Excerpted from Lawrence H. Schiffman, From Text to Tradition – A History of Second Temple & Rabbinic Judaism, Ktav Publishing House, Hoboken, NJ, 1991.
During the exile, a feeling of patriotism and the desire to preserve the Israelite literary heritage in the wake of the destruction of the ancestral homeland were probably responsible for a new emphasis on the study of Israel’s scriptures. When Ezra returned to Judea, he devoted himself to making the Torah the center of the religious life of his people. But the Torah had one deficiency as a legal text. There were apparent contradictions and inconsistencies between the legal rulings in its various sections. Now something new was called for. How were the contradictions between laws on the same subject to be handled? How were the multiple presentations of the same material to be
The duplications in the Torah begged to be interpreted. Thus was born the method which later Hebrew termed midrash. Essentially, the exegetical (interpretative) technique of midrash can be defined as the explanation of one biblical passage in the light of another. In its earliest forms midrash dealt with matters of Jewish law, what the rabbis later called halakhah. In the early Second Temple period, the new dependence on the written law stimulated the development of the method of legal midrash. Its earliest record is in the books of Ezra and Nehemiah.
An example of the use of this technique in our period is the decision attributed to Ezra to expel foreign wives. Returning exiles had married non-Israelite women of “the people of the land” and children had been born to them. Ezra 9-1 presents a list of the nations with which Israel had intermarried. The list is itself evidence of a midrashic interpretation. Included are some nations with which the Torah had prohibited marriage unconditionally and other nations that could marry Israelites only after a specific number of generations according to other biblical sources. The technique of analogical midrash led to the conclusion, based on Deut. 7-3 and 23-8–9, that the nations were all to be treated alike; marriage with any of them was to be eternally proscribed. The expulsion of the foreign wives was based on this exegetical conclusion.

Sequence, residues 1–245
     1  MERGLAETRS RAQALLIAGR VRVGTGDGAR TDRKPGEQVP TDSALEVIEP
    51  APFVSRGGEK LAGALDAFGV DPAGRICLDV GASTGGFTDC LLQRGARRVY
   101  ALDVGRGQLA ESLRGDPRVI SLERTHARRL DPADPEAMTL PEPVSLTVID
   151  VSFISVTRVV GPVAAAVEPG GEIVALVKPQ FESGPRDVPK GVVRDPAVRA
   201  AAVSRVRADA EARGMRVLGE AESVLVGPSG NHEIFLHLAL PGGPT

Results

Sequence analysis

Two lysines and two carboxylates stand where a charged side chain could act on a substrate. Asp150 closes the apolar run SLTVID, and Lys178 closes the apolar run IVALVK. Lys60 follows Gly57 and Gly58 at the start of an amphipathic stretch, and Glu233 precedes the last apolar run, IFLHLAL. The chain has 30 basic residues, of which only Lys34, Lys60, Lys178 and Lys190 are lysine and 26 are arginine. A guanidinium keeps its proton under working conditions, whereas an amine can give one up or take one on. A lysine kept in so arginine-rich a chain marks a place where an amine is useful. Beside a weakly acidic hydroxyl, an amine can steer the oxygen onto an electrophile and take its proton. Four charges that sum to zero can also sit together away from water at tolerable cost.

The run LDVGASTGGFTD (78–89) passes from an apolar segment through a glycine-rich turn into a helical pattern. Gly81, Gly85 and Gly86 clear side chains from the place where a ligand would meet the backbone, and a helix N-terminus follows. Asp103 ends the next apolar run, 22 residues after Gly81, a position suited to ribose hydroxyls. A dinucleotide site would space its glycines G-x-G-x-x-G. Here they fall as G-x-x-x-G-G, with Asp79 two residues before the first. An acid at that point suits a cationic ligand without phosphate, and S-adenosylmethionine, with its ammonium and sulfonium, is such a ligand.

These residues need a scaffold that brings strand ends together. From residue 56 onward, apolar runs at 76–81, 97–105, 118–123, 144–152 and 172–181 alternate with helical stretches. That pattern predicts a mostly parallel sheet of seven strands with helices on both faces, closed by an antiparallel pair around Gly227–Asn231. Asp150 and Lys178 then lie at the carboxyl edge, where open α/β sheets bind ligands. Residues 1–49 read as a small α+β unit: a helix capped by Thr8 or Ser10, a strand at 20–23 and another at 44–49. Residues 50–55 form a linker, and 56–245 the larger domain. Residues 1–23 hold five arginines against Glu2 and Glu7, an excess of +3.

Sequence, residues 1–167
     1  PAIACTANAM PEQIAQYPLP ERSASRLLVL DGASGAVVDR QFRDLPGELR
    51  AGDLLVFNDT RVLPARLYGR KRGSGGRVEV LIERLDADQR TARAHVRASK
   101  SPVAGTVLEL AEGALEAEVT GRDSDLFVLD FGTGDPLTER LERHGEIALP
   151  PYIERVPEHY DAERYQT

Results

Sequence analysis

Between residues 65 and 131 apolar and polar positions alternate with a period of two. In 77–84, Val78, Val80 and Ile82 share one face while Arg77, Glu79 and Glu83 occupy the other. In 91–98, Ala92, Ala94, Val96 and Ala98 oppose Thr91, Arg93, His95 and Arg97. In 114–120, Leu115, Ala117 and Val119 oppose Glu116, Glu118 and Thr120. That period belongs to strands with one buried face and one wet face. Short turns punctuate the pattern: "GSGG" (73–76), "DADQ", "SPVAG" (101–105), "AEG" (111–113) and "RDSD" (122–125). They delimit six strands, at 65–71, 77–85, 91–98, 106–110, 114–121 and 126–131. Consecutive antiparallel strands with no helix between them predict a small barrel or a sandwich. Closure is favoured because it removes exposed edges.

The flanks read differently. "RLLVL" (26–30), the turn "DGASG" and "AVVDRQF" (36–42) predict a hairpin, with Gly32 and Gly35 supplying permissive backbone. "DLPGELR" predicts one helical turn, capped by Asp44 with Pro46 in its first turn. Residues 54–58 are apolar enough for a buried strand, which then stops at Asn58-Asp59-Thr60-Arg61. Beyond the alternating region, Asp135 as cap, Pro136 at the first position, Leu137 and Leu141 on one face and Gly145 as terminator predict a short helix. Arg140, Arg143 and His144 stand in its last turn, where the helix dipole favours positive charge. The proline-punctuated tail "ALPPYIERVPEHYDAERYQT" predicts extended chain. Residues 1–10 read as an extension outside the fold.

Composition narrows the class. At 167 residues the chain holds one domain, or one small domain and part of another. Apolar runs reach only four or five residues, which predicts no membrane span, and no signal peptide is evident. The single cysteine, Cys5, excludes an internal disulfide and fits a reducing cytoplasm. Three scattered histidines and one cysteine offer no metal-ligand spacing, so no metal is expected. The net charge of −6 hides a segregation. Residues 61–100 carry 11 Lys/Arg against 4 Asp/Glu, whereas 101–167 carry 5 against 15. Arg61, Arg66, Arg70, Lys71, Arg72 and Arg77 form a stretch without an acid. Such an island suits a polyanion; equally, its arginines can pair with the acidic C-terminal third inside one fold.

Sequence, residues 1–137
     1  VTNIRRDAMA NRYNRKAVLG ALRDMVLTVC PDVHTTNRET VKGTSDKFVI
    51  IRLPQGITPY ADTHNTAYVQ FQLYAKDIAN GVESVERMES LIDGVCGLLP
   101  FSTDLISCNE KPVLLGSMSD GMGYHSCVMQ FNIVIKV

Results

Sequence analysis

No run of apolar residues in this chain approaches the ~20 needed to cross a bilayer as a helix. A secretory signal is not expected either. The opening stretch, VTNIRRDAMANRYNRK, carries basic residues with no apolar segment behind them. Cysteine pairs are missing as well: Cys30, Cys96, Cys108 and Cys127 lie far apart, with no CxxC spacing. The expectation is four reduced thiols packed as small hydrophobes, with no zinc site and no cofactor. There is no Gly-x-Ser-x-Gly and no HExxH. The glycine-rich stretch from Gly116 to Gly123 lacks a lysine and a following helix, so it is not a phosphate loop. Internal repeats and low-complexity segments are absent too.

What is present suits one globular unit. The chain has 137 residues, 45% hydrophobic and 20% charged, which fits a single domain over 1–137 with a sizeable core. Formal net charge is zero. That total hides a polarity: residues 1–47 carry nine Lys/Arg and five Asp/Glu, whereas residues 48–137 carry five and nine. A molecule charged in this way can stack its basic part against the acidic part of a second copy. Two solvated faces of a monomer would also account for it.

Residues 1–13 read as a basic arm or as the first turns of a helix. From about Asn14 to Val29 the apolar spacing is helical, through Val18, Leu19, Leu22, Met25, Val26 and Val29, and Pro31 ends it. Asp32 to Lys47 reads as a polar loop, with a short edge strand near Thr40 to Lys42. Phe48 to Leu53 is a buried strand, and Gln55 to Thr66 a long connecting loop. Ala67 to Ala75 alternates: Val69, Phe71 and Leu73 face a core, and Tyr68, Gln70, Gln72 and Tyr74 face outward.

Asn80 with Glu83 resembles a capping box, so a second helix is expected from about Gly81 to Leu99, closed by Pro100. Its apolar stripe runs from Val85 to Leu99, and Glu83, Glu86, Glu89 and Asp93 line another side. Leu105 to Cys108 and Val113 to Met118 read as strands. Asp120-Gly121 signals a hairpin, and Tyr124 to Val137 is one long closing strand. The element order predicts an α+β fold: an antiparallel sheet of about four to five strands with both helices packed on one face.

Another example relates to the proper observance of Sukkot (Tabernacles). Leviticus 23 commands the building of the sukkah, and dwelling in it during the seven-day festival. There is no mention of pilgrimage to the sanctuary. Deuteronomy 16 does not mention the obligation of dwelling in sukkot but describes the festival as a pilgrimage. Legal midrash led to the decision that the entire people was to assemble in Jerusalem and build sukkot there. Thus it was possible to fulfill the commands of both codes and in this way resolve the inconsistency.
Other decisions based on this technique are recorded in the covenant of Nehemiah 10. These show beyond any doubt that the use of the midrashic method for the determination of Jewish law in cases where the Pentateuch was either unclear or apparently contradictory became the norm in the Persian period. It remained in use for the derivation of new conclusions until well into the Middle Ages, and at the same time, as we will see, often served as a means of justifying legal rulings already practiced on the basis of ancient tradition.
To avoid confusion one point should be made very clear – the term midrash designates both an exegetical method and a collection of literary materials based on midrashic exegesis. Later on we will have occasion to discuss various midrashim of the latter sort. It would be incorrect to conclude from the early dating of the technique of legal midrash that the contents of the collections to be examined later are of similar antiquity.